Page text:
Serralves Villa

Visiting Serralves Villa

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Vista de corredor interior que dá ênfase à simetria do espaço. O ambiente é marcado por uma uniforme e leve tonalidade de salmão da pedra lioz.

A visit to Serralves Villa offers a chance to take a trip back in time: to this unique example of Art Deco architecture, built in the 1930s. With great decorative rigor and quality materials, the Villa benefited from the intervention of leading figures of the time, such as Marques da Silva, Charles Siclis, Jacques Émile Ruhlmann, René Lalique and Edgar Brandt.

Visitors can gain an in-depth understanding of the history of the origins of this Villa, which belonged to Count Carlos Alberto Cabral, including explanation of the architectural and decorative details that create its unique atmosphere.

Vista do jardim e Casa de Serralves
A Rare Art Deco Model
Parede exterior da capela da Casa de Serralves
The Chapel
Sala interior de tecto abobadado com amplas janelas com vista para o jardim
Interior Architecture
Portal de ferro forjado interior e vista para o átrio principal da Casa de Serralves
Interior Structure
Sala interior com mobiliário de época
Furniture
Fachada da casa de Serralves
The Serralves Villa
Vista aerea da Casa de Serralves e do Parterre Central
The Exterior
Vista do jardim e Casa de Serralves
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A Rare Art Deco Model

With its façade overlooking the Rua de Serralves and the main entrance located in the Avenida Marechal Gomes da Costa, Serralves Villa is a significant example of Art Deco style.

The building was designed and constructed on the outskirts of Oporto between the mid 1920s and mid 1940s.

The work was the braindchild of a wealthy industrial magnate from Northern Portugal - Carlos Alberto Cabral, the 2nd Count of Vizela. As a result of his frequent travels throughout Europe he had developed a more refined and modern taste than that dictated by prevailing canons in Portugal.

In 1923, he inherited the Quinta do Lordelo estate in Serralves from his family. Over the ensuing years, through a mixture of land purchases and swaps, he expanded the estate towards the sea and the River Douro, until it attained dimensions similar to those of the present day.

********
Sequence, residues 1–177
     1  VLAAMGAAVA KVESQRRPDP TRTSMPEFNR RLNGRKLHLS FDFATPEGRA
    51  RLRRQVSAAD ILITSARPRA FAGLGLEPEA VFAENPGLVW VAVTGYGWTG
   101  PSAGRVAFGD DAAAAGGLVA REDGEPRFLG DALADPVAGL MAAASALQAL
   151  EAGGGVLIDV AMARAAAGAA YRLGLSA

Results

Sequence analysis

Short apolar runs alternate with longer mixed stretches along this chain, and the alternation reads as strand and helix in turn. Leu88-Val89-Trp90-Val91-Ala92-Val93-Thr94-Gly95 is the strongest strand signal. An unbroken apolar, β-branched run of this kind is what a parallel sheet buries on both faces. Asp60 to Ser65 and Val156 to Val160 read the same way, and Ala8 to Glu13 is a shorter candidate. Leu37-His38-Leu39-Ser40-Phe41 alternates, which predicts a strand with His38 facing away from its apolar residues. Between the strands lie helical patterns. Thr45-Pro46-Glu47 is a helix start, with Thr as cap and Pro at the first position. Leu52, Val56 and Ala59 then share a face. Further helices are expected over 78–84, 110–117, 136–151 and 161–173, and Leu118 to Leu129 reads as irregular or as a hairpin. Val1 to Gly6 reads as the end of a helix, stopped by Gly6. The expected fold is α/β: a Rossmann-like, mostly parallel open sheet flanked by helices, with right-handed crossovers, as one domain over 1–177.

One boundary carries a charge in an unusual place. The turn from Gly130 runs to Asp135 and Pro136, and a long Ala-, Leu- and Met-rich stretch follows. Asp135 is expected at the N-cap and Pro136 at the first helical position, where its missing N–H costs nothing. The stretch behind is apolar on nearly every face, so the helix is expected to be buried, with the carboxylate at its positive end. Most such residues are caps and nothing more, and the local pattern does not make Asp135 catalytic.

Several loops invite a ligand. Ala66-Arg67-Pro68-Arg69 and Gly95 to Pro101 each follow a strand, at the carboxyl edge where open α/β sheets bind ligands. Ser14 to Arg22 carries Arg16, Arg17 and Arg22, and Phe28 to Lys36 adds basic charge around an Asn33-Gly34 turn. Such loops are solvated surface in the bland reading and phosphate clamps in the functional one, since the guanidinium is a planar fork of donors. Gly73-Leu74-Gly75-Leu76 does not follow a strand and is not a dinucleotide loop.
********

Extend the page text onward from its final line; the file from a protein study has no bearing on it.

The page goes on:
Carlos Alberto Cabral had designed a dwelling for himself and for his future wife, Blanche Daubin, located in the family’s former summer residence: including a new villa, built from scratch on the site of the former house; a new park, around the villa, superimposing itself and occasionally absorbing the landscape of the former garden, and extending to an enclosed rural area, in a naturalist allegory to country life.

The 2nd Count of Vizela inhabited the villa with Blanche Daubin in the mid-1940s. The villa - which looks out over the gardens and is bathed in plentiful natural sunlight, includes refined and inviting spaces for festivities and social gatherings on the ground floor. On the first floor, the bedrooms and other private quarters create an atmosphere of luxury and finesse.

However the Count felt somewhat removed from his social circle while living in the Cilla. Due to financial difficulties, he ultimately sold the property in the early 1950s to Delfim Ferreira, the Count of Riba d´Ave, also a textile industrialist.

The sale agreement involved a key restriction – the property couldn’t be altered or dismembered.

Autorship of the project

There is a certain amount of controversy surrounding authorship of the Villa’s architectural project. We know that the name of the Marquis of Silva - a famous architect in Oporto at the time - was closely linked to the work, throughout its construction period, although the dominant style in most of his leading works is distinct from that of Serralves.

It is also known that the layout plans and elevations by the French architect, Charles Siclis, were very important for the Villa’s overall design. These elements are conserved in the Foundation’s archive and the Villa’s definitive shape can be recognised therein.

The interior decoration was entrusted to the architects and decorators of the House of Ruhlmann, who also suggested adaptations to the exterior design. The Count of Vizela articulated the work between the various intervening parties, and his personal taste, as the person who commissioned the work, left its imprint on the long construction period and successive adaptations to the project.

Eurico Cabral and Mário Cabral, the nephews of the Count of Vizela, recall the decisions taken by their uncle and his attitude in relation to the work:

"The interior was fundamentally designed by Jacques Ruhlman one of the great masters of French furniture design and interior architecture.”

"My uncle had a very special gift... he was the one who brought together many architects, interior decorators and other craftsmen but he always had the last word.”